Maintain a phone log – Every time to you talk the insurance company or Social Security or your employer or anyone regarding your benefits, keep a written record of the call. Name, phone number, date and time of call, what was said, outcome or next step.
Get it in writing – The best record is the written record. It’s not always possible and it may be slower than phone calls, but it’s much easier to re-construct if necessary. What you are told by the insurance company over the phone doesn’t mean a thing. Some people will say almost anything over the phone, knowing that they won’t be held responsible. If they have to put it in writing, chances are they will make sure they are right before writing it down.
Try asking something like, “I have trouble remembering things and this is so complicated. Could you put that in writing and send it to me?”
Talk to the person, not the office – It’s easy to picture monsters and ogres working for the companies and squealing with glee when they refuse your claim (and there are enough like that to be really scary), but these people are mostly human and just trying to do their job. Treat them as a person, try to be friendly, try to personalize the conversation, and you may find you have an ally who will help and not be an obstacle. Then again, don’t expect miracles.
Be generous with compliments – If the claims representative goes out of their way or gives you better than expected service, let them know.
Honey works better than vinegar – You’re much more likely to get the attention and advice of a claims representative by playing the helpless, ill, lost-in-the-system role. Demands, orders and threats won’t help your case move any faster, at least not initially.
Watch what you say on the telephone – When you call an insurance company or Social Security, you often get the recording, “Your call may be monitored or recorded for quality assurance.” That generally means the phone call is being recorded. Even a comment like, “I’m fine thanks. How are you?” can be turned against you.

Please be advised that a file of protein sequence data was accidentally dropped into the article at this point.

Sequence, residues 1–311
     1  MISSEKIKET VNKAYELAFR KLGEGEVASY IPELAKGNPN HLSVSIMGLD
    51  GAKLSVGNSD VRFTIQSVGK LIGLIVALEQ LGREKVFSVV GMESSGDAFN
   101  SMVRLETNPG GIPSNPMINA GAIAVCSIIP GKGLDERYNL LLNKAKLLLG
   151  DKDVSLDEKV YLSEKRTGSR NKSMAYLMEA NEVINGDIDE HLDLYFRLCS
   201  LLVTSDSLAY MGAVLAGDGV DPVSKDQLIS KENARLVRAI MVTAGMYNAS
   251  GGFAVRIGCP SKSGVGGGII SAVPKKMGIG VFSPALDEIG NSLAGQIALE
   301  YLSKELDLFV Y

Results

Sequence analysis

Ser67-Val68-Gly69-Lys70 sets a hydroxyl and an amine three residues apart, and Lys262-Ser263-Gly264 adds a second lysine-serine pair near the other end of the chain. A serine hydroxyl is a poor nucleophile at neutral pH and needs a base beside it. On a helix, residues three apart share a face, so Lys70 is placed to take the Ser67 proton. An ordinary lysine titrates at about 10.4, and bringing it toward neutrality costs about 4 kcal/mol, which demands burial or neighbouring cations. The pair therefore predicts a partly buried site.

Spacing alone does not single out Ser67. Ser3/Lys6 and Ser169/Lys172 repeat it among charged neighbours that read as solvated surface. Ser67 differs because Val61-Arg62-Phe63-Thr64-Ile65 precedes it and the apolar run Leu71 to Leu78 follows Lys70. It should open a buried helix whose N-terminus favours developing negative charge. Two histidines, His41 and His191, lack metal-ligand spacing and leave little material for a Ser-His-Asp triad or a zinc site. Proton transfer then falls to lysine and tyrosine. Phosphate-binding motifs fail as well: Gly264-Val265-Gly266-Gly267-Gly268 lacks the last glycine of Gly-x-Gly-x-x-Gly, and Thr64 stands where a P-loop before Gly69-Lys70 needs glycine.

Don’t bother with threats – These people are regularly threatened with lawsuits and insurance department complaints. Don’t threaten legal action, but if warranted, take it. Exhaust all internal appeals processes first though.
Double-check what you are told - I’m sorry if this sounds very cynical; I don’t mean you should distrust everyone. However, in this case, you can’t be too careful. This is your life, your income, your continued health insurance we’re talking about, and no one cares about it as much as you do.
People will sometimes give you information off the top of their head without realizing that the wrong information can cost you money and/or insurance. You’re trying to find the answers to surviving in the future; they’re trying to get off the phone. It’s important that you try to double-check such information.
Give the full story - It’s amazing how one little piece of information, which may seem unimportant to you, can change the whole picture. Be sure when asking for advice that you give as complete description of the situation as possible, and answer all questions truthfully and completely.
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Practical Tips When Going on Disability
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The Emotional Impact of Leaving Work On Disability
A Closer Look